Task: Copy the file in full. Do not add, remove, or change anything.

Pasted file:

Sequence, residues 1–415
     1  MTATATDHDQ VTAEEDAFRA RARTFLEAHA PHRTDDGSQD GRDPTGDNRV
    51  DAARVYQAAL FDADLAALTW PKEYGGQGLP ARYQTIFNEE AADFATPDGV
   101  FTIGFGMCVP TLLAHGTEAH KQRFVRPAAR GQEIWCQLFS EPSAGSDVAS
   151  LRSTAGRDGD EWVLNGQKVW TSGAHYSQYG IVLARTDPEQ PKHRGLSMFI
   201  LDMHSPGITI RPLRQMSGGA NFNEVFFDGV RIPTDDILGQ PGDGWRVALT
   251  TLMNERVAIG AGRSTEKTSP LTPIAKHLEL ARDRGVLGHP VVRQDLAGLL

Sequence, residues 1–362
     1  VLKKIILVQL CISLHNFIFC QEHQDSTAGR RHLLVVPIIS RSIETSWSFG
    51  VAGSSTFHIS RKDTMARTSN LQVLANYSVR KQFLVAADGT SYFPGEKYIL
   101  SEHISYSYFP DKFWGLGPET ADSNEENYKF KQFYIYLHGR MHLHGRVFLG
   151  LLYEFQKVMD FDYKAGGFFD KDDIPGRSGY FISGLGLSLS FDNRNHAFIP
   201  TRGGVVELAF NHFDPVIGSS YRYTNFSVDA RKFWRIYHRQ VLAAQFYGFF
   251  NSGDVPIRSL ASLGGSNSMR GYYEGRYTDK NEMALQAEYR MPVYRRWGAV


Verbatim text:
Sequence, residues 1–415
     1  MTATATDHDQ VTAEEDAFRA RARTFLEAHA PHRTDDGSQD GRDPTGDNRV
    51  DAARVYQAAL FDADLAALTW PKEYGGQGLP ARYQTIFNEE AADFATPDGV
   101  FTIGFGMCVP TLLAHGTEAH KQRFVRPAAR GQEIWCQLFS EPSAGSDVAS
   151  LRSTAGRDGD EWVLNGQKVW TSGAHYSQYG IVLARTDPEQ PKHRGLSMFI
   201  LDMHSPGITI RPLRQMSGGA NFNEVFFDGV RIPTDDILGQ PGDGWRVALT
   251  TLMNERVAIG AGRSTEKTSP LTPIAKHLEL ARDRGVLGHP VVRQDLAGLL

Sequence, residues 1–362
     1  VLKKIILVQL CISLHNFIFC QEHQDSTAGR RHLLVVPIIS RSIETSWSFG
    51  VAGSSTFHIS RKDTMARTSN LQVLANYSVR KQFLVAADGT SYFPGEKYIL
   101  SEHISYSYFP DKFWGLGPET ADSNEENYKF KQFYIYLHGR MHLHGRVFLG
   151  LLYEFQKVMD FDYKAGGFFD KDDIPGRSGY FISGLGLSLS FDNRNHAFIP
   201  TRGGVVELAF NHFDPVIGSS YRYTNFSVDA RKFWRIYHRQ VLAAQFYGFF
   251  NSGDVPIRSL ASLGGSNSMR GYYEGRYTDK NEMALQAEYR MPVYRRWGAV